Of course, there's money to be made from fomenting such nonsense, and now we get to the heart of the matter.  If you fear and loathe government, then you'll oppose programs like Social Security or national health care.  And if you do that, rich people won't have to pay taxes in order to support such programs.  Hence, the attitude, and hence Ronald Reagan and the contemporary conservative movement which loves war and regulating other peoples' sexuality, but is fundamentally at its core about cutting taxes.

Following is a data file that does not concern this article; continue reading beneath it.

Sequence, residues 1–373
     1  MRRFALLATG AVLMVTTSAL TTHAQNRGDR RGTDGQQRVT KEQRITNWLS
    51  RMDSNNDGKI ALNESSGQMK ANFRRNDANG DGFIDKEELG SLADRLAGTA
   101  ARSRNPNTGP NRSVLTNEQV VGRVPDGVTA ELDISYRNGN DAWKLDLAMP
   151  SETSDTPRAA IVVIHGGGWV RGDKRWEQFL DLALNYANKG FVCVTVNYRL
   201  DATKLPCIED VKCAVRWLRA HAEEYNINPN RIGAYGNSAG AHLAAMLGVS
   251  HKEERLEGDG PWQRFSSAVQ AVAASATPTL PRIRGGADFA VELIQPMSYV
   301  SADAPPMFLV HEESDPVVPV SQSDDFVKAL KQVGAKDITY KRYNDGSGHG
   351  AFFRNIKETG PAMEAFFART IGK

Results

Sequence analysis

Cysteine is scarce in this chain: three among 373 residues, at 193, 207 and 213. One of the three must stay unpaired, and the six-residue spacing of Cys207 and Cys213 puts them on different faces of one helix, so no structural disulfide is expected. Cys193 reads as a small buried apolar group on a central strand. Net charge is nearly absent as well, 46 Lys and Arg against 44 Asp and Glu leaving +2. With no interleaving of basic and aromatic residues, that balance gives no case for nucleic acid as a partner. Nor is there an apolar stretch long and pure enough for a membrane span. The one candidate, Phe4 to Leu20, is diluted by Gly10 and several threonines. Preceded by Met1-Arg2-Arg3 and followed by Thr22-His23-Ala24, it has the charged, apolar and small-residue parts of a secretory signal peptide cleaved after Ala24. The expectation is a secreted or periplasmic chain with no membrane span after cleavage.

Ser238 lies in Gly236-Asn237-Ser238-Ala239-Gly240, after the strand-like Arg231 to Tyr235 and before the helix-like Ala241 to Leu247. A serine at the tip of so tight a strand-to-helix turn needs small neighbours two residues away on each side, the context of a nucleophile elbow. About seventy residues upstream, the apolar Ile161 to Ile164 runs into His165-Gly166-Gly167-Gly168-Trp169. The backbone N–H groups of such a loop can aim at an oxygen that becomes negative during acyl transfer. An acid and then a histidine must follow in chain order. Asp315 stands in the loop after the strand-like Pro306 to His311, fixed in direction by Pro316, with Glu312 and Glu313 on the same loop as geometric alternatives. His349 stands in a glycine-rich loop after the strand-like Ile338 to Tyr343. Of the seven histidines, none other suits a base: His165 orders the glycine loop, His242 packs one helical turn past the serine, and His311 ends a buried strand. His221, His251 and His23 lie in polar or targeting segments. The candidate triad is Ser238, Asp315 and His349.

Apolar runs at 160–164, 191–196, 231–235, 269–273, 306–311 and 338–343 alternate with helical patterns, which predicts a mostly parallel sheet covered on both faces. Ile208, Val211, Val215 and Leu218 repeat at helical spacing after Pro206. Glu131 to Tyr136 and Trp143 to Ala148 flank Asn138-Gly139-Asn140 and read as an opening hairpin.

It still astonishes me to this day that an American president - democratically elected, no less - could actually say, "Government is not the solution, government is the problem".  All the more astonishing that it could resonate powerfully with the electorate.  But this is actually precisely my point here.  Just as FDR's New Deal broke the psychological barrier of a government functioning to assist its public (what a concept, eh?), so I believe Obama's programs and attitude will go a long way toward burying the regnant political ethos of these last three miserable decades - that government is bad, and that the less it does the better.  Grover Norquist, noxious anti-tax enforcer for the noxious anti-tax right, once said his goal was to "shrink government down to the size where we can drown it in the bathtub".  My sense is that the American people, having experienced life under his vision and life under the FDR/Obama alternative, will turn decisively, and finally, from the former to the latter.  And, again, this will be the result of a hugely consequential change of attitude more than any particular programmatic or legislative development.  If we get very lucky, we can shrink this deceitful and pernicious regressive sickness down to the size where we can flush it into the sewer where it belongs.